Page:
“I am extremely pleased with our response,” Williams said in a brief interview prior to the ceremony. The situation “could have gotten much worse than it did. . . . There were agitators from the outside, from the American Communist Party. There was a plan to stop the debate from going on.”

In fact, members of the Bay Area group had promised at CSUN Student Senate meetings in the weeks leading to the debate to “get David Duke” and “shut the event down.”

Many students on campus Thursday said they supported the police crackdown.

The demonstrators “ought to go to jail for what they did,” said Peter San Antonio, a 20-year-old freshman. “Protesting was OK, but they got students totally riled up, totally angry until it got out of hand.”

On Wednesday, the LAPD was summoned from its command post near campus about an hour into the debate, after demonstrators surrounded the debate hall and began pounding on windows.

About 40 officers from the department’s Metro squad arrived first, and when the large unruly crowd refused to back away from the auditorium, another 20 officers on horseback and 33 on motorcycles were called, police said.

The LAPD officers fired six rounds of rubber bullets and one bean-bag round, the department said. The campus police had sprayed Mace into the crowd before LAPD officers arrived.

Six of the demonstrators were arrested. Five of them face felony charges of assaulting officers with rocks and bottles, police said.

They are: Eric Wilson, 29, of Los Angeles; Able Correa, 20, Los Angeles; Michael McDougall, 24, San Fernando; Sergio Gutierrez, 22, Lake View Terrace; and Edward Vasquez, 20, Berkeley. They will be arraigned Friday in Van Nuys. A 17-year-old also was arrested for assaulting a police horse, a misdemeanor.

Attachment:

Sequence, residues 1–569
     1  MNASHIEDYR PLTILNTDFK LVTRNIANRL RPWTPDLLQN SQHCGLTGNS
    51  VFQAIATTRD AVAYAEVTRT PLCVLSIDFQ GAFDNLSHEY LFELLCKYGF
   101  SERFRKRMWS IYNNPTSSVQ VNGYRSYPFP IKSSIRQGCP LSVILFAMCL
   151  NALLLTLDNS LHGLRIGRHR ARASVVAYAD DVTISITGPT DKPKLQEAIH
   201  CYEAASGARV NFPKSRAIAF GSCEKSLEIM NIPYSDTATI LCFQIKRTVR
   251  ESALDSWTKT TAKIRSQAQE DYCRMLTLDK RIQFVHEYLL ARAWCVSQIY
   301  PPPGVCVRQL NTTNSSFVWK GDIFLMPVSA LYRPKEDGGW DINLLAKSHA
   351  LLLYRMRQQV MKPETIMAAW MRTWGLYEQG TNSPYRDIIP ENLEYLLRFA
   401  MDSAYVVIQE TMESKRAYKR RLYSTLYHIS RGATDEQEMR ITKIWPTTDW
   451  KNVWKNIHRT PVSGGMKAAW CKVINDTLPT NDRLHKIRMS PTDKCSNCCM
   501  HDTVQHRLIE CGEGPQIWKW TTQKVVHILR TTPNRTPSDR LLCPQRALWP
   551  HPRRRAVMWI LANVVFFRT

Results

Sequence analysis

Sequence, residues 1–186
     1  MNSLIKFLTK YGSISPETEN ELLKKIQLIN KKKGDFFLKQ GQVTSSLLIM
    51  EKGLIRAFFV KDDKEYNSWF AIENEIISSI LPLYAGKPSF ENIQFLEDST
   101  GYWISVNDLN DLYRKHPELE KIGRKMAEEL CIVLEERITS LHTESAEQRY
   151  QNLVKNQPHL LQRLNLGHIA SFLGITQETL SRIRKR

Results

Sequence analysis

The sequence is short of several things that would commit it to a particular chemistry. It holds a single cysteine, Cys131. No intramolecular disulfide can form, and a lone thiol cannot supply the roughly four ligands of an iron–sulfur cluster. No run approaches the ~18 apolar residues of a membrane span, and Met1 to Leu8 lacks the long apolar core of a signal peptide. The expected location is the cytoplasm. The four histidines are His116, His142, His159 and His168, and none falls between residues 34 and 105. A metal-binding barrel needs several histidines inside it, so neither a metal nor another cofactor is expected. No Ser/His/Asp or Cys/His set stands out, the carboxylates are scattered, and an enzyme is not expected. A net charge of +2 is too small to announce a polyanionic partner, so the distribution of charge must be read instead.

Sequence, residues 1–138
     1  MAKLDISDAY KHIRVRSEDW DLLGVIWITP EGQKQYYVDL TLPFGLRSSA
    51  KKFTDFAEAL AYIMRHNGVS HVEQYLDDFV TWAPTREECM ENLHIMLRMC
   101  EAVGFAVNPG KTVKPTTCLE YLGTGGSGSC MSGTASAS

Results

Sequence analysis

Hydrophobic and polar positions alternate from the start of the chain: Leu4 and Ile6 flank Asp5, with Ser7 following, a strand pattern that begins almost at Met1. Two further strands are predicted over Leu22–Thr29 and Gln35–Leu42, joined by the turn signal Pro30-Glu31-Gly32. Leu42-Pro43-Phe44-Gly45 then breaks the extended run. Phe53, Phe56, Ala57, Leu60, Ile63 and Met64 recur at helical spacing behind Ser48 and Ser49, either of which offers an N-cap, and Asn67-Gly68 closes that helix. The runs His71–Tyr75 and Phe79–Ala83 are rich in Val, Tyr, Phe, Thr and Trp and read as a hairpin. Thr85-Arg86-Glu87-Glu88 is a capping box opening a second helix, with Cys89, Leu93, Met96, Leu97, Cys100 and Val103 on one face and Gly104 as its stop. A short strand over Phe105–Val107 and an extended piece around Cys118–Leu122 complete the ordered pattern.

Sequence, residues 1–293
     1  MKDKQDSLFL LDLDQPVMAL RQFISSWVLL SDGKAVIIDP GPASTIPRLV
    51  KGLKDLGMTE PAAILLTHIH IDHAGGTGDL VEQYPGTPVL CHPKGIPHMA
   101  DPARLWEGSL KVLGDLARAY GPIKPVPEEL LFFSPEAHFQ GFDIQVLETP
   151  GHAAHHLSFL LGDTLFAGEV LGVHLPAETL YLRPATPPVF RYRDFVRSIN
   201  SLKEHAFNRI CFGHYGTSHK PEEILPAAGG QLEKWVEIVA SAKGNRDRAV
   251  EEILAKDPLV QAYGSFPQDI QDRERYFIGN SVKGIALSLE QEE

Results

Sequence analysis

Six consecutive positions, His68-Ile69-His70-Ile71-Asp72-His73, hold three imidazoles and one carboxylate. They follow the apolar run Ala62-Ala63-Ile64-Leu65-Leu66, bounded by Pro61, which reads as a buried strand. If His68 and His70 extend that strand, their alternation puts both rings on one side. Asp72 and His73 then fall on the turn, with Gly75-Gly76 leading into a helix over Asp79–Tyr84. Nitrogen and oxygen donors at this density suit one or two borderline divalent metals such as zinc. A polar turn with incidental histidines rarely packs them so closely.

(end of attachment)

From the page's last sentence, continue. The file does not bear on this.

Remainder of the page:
Only Wilson is a CSUN student, said LAPD Lt. Anthony Alba.

The affirmative action debate, which pitted Duke against civil rights activist Joe Hicks, has been an emotional issue on and off campus since the CSUN Student Senate voted 12-11 to sponsor the forum to energize its voter registration drive.

California has an initiative on the November ballot, Proposition 209, which would outlaw affirmative action in state and local government hiring, contracting and college admissions. Supporters accused CSUN students of inviting Duke to represent the anti-affirmative action viewpoint to taint the initiative by associating it with the racist Klan.

A spokesman for Gov. Pete Wilson--who supports Proposition 209--said the protests and violence that followed Wednesday’s debate probably helped to solidify support for the initiative in the same way that previous protests bolstered support for Proposition 187, the anti-illegal-immigration measure approved by voters two years ago.

Opponents of Proposition 209 disagreed.

“Wednesday’s events served as a warning to Californians that they need to look beyond the rhetoric and get down to the facts about Prop. 209,” said Read Scott-Martin, a spokesman for the Campaign to Defeat 209. “The truth is, 209 is nothing more than David Duke in a business suit.”

Times staff writers Beth Shuster, Eric Malnic and Julie Tamaki contributed to this story.